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Stories Page 1-Fall 2007

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"..I also caressed barmaids who smelled like mermaids and I wanted to take them home and turn them to puppies who turn into oceans all night long."

Puhi Paka*

   by Nannette Rayman Rivera

She smokes, too.

It’s not that, it’s his obsession with them, the avalanche of money spent on them, the things she had to give up. At first it was little things, the latest dime store face cream promising to erase her newly drawn wrinkles, so tiny they look like feathers. Then it was the sweater with the finely sewn beads that looked like it went missing out of a 1940’s movie. She wanted it badly. Then it became her AFTRA union dues, and putting off fixing the wobbly crown in her mouth. Pain so rough she exhaled electrical vapors if the top tooth hit the bottom. How could she find a way out? she thought, as she lit up an Indian reservation cigarette and sucked in the smoke to calm herself. She hopes his taste buds aren’t finely tuned.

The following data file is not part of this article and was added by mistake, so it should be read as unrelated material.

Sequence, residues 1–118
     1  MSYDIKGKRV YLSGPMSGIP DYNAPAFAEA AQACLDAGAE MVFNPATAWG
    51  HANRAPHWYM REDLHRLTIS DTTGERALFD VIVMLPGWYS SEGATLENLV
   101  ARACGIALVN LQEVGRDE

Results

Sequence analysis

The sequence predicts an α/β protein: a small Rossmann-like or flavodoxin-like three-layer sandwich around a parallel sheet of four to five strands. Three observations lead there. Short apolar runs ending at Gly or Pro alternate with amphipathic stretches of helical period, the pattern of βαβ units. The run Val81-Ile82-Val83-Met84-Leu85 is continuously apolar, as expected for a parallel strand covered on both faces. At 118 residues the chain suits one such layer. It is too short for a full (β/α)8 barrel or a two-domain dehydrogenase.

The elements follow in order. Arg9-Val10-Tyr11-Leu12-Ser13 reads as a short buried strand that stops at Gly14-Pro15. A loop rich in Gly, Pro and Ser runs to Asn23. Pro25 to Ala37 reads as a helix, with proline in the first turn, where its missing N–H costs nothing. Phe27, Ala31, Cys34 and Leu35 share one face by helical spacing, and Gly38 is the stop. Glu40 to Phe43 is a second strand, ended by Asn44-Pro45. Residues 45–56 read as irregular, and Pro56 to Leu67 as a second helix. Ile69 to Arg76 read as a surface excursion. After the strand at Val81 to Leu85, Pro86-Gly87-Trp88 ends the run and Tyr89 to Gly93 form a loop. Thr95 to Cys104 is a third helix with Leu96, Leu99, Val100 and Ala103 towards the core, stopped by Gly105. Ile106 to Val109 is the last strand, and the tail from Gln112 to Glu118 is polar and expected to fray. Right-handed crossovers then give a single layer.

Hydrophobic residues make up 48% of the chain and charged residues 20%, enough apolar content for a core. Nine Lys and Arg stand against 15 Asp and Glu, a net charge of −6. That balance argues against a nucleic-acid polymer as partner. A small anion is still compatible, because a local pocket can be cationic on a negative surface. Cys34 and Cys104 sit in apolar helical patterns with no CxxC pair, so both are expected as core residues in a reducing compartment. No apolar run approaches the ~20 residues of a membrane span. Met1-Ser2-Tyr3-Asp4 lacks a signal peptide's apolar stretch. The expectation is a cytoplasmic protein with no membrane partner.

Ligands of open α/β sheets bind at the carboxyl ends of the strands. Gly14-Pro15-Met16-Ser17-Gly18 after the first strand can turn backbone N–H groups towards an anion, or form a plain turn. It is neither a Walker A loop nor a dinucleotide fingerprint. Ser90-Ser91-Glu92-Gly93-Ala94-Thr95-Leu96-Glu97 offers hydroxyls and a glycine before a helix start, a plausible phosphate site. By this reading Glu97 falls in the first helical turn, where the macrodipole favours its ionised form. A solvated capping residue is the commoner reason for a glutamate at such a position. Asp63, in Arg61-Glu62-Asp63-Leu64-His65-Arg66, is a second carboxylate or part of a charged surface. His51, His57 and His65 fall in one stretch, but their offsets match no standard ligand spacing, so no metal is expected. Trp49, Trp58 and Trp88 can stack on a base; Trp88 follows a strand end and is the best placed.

Jose continued smoking, face up on the bed. The smoke from his cigarette rose, losing itself in his curly hair, sending rings of holocaust shadow through the room.

"You know what, Lelani?" Lelani knew. She knew there was still time.

"I know, I know. You need more cigarettes. Always that. I’ll never be able to put one damn penny away. But what do you care, Jose? You have what you want, more than you could have expected. Yes, I know you love me more than the sky, but what is love, baby, without a little sacrifice? A man is nothing without his woman, nothing without the pain and pleasure of a good day’s work. Haven’t you noticed how I’ve taken you, no, plucked you right off the street, out of the low-life, and tamed you? Don’t you see how cute you are now, not like those other men, loud and crazy as loons, hanging their queue ball-heads over the sidewalk outside the shelter? Rorschach stains spreading along the thighs of their jeans onto broken bottles in their hands. They’re talking trash, demanding cigarettes."

"Oh, Lelani," mused Jose, "Oh, my sweet-tushy baby! Why do you have to go on like this? I’ll get a job. I will. Do you think it’s easy for me? With these ghosts and hallucinations flying at me, sizzling in my brain? Lelani?"